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4.69] [DAIFHANTUS] The PASSIONS OF Love. 391
Although his guise were fashioned to his mind,
And wording Love, as compliment he used;
Seemed still to jest at Love and lovers' kind,
Never obtained, but where he was refused:
Yet now, his words with wit so are rewarded ;
He loves ! loves two! loves all ! of none regarded.
Now he that laughed to hear true lovers sigh,
Can bite his lips, until his heart doth bleed !
Who jibed at all, loves all! each day 's his night!
Who scorned, now weeps and howls! writes his own meed!
He that would bandy Love, is now the ball !
Who feared no hazard, himself hath ta'en the fall!
Beauty and Virtue, who did praise the fashion ;
Who, Love and Fancy thought a comedy:
Now is turned Poet! and writes Love in Passion!
His verses fit the bleeding Tragedy !
In willow weeds, right well he acts his part !
His Scenes are tears, whose embryon was his heart !
He loves, where Love to all doth prove disaster!
His eyes no sooner see, but he's straight blind!
His kindred, friends, or foes, he follows faster
Than his own good! He's now but too too kind !
He that spent all, would fain find out Love's treasure !
Extremities are, for extremes the measure.
Thus thinks he, of the words he spent in vain ;
And wishes now, his tongue had eloquence!
He's dumb ! all motion that a world could gain,
A centre now without circumference!
CUPID, with words who fought! would teach him Art,
Hath lost his tongue; and with it, left his heart!
392 [DAIPIANTUS] The Passions of Love. [4:
He swears he loves! (the heat doth prove the fire !)
He weeps his Love, his tears shew his Affection.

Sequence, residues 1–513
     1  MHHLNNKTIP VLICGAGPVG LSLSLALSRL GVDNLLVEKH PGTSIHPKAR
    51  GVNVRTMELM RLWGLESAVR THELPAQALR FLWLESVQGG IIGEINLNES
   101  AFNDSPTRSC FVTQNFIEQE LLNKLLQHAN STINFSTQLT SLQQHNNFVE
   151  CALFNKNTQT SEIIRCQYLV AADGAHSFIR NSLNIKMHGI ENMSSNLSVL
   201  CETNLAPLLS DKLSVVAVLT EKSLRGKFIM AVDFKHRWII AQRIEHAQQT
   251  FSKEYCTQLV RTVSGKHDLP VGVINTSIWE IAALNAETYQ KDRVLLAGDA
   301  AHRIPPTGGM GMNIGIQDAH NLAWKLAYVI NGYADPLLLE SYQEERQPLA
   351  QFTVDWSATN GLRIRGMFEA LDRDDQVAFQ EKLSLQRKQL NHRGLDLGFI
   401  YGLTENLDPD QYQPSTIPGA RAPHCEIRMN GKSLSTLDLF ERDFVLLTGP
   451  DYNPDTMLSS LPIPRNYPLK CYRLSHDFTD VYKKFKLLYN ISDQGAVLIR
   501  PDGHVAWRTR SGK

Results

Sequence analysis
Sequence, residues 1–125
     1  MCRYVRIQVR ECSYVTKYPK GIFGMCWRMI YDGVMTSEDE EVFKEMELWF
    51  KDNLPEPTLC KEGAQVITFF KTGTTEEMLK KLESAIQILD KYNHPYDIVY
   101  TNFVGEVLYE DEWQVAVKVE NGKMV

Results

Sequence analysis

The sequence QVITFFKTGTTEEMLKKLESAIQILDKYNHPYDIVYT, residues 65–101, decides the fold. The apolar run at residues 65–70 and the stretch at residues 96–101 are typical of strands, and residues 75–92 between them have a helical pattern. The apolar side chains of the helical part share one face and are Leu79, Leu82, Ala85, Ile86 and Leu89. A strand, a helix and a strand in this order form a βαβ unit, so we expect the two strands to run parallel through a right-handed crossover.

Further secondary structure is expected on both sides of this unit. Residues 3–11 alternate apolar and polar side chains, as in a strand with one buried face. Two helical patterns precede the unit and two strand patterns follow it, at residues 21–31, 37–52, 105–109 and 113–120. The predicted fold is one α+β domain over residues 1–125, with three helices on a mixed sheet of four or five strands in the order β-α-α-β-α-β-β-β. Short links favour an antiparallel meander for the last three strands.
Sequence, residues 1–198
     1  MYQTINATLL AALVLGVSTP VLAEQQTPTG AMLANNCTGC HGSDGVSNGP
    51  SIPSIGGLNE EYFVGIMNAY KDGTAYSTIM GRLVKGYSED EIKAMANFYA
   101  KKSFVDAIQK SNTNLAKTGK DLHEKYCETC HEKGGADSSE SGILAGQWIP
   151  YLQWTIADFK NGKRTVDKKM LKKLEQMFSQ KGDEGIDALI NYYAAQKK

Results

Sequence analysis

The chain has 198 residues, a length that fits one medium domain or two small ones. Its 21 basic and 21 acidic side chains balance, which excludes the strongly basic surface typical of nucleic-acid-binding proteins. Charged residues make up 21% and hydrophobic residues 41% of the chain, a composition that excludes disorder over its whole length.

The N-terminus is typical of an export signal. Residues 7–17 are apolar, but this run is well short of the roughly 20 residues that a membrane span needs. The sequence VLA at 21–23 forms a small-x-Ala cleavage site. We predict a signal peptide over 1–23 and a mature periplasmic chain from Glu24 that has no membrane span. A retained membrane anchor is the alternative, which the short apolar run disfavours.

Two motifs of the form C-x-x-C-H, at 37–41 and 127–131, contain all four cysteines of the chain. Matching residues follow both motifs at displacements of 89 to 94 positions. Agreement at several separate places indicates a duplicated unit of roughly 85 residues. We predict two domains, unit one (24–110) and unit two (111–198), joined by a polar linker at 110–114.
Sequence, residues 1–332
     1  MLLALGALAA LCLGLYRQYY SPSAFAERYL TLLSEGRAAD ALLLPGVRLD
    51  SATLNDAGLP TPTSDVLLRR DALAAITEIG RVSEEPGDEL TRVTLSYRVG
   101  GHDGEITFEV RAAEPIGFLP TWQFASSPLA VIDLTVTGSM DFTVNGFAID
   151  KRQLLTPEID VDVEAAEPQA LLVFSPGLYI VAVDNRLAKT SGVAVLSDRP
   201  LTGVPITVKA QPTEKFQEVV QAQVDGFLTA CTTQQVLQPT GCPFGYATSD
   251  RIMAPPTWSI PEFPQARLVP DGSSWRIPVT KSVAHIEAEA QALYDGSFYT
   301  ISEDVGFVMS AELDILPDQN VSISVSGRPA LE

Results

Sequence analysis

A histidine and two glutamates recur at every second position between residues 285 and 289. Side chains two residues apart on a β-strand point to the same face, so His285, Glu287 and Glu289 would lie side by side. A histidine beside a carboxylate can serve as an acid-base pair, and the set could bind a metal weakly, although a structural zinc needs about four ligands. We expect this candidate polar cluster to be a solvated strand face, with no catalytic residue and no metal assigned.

He writes his Love, his lines plead his Desire.
He sings his Love, the ditty mourns the action.
He sings, writes, weeps, and swears that he's in sadness!
It is believed, Not cured, Love turns to madness!
Love once dissembled, oaths are a grace most slender !
Tears oft are heard, Ambassadors for Beauty !
Words writ in gold, an iron heart may render!
A Passion Song shews much more hope than duty!
Oaths spoke in tears; words, song; prove no true ditty :
A feignèd Love must find a feignèd Pity!
Thus is the good DAIPHANTUS like the fly,
Who playing with the candle feels the flame.
The smiles of scorn are lovers' misery :
That soul's most vex't, is grieved with his name.
Though kind DAIPHANTUS do most love protest;
Yet is his cross, still to be thought in jest !
Poor tortured lorer! Like a perjured soul.
Swears till he's hoarse, yet never is believed !
(Who's once a villain, still is counted foul !)
O woful pity! when with wind relieved,
Learns this by wrote, Though Love unconstant bu,
They must prove constant, will her comforts see !
Now to the humble heart of his dread Saint,
EURIALÆ, he kneels; but 's not regarded !
Then to URANIA sighs, till he grows faint:
Such is her Wit, in silence he's rewarded !
His humble voice, EURIALÆ accuseth !
His sighing Passion, URANIA refuseth !
4.68] [DAIPHANTUS] The Passions of Love. 393
Then lifts he up his eyes, but Heaven frowneth!
Bows down his head, Earth is a mass of sorrow !
Runs to the seas; the sea, it storms and howleth!
Hies to the woods, the birds sad tunes do borrow!
Heaven, Earth, sea, woods, and all things do conspire
He burn in Love, yet freeze in his Desire !
The Ladies jest ! command him to feign still!
Tell him, how, one day, he may be in love!
That lover's reason hath not Love's free will !
Smile in disdain, to think of that he proves !
(O me, DAIPHANTUS! how art thou advised ?
When he's less pitied, then he is despised !)
They hold this but his humour! seem so wise !